Yusef Komunyakaa and Chad Gracia, Gilgamesh

February 22, 2012

I’ve never given a talk at UCLA.  Caltech, yes, in nearby Pasadena; also the Huntington Library.   But never at the famed Royce Hall, 405 Hilgard Avenue.

So I’m a bit anxious about tomorrow: a graduate student conference in Comp Lit, not strictly speaking my field. It doesn’t help that I’m talking about a language I can’t read, written on clay tablets some 5000 years ago.

I take comfort in the fact that most people can’t read it, either. Cuneiform isn’t something that comes easily to us these days. I know Comp Lit departments are divided on this point, but Chad Gracia and Yusef Komunyakaa, who collaborated in 2005 to turn Gilgamesh into a play, were apparently doing so without any knowledge of the original language.

The idea was Gracia’s. He had first encountered the Sumerian epic as a teenager, while reading Will Durant’s great book series, Our Oriental Heritage. It was love at first sight. But it was not the beauty of the poem that stuck in his mind; rather, it was a gross detail: Gilgamesh mourning the death of his friend, Enkidu, not letting go, till “a maggot crawled from Enkidu’s nose.”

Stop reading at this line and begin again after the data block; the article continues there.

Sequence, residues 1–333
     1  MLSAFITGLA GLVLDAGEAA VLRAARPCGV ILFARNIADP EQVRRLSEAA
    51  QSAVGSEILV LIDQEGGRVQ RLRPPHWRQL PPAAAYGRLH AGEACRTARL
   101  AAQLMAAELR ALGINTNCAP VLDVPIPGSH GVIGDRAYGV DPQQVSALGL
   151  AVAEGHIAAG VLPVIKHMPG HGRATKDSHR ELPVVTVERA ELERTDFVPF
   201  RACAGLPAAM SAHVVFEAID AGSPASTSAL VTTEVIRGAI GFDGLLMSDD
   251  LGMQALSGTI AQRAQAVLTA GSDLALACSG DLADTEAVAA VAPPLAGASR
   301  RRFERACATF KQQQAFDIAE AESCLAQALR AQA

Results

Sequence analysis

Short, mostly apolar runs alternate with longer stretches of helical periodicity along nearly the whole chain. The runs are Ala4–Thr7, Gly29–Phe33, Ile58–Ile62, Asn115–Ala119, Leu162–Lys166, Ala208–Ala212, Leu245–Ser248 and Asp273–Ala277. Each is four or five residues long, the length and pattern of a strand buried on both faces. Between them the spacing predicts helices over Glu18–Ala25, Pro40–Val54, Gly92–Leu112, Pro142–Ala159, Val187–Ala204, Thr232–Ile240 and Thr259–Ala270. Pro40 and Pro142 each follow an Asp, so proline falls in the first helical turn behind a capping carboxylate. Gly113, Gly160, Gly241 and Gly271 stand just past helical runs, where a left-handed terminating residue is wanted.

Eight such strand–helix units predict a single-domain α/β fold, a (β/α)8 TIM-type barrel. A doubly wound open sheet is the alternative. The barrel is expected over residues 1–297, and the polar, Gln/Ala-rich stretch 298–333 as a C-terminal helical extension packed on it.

Some twenty years later, casting about for a collaborator, the poet who caught his eye right away was Komunyakaa, who happened to have written a poem called “Ode to the Maggot.”

None of this made for “expertise” on the Sumerian epic. In fact, what was driving Gracia and Komunyakaa seemed to be the opposite of expertise.  It was a force every bit as powerful, documentable and measurable even by the most objective outcome.  We don’t have a name for it yet.

About wcd2

Professor of English and American Studies
This entry was posted in adaptation, Classics, collaboration, Comparative literature, contemporary poetry, Cuneiform, Dance, epic, Handwritten script, Mesopotamia, Near Eastern poetry, Remediation, Theater, Translation, Visual arts, world literature and tagged , , , , , , , , , , , , , . Bookmark the permalink.

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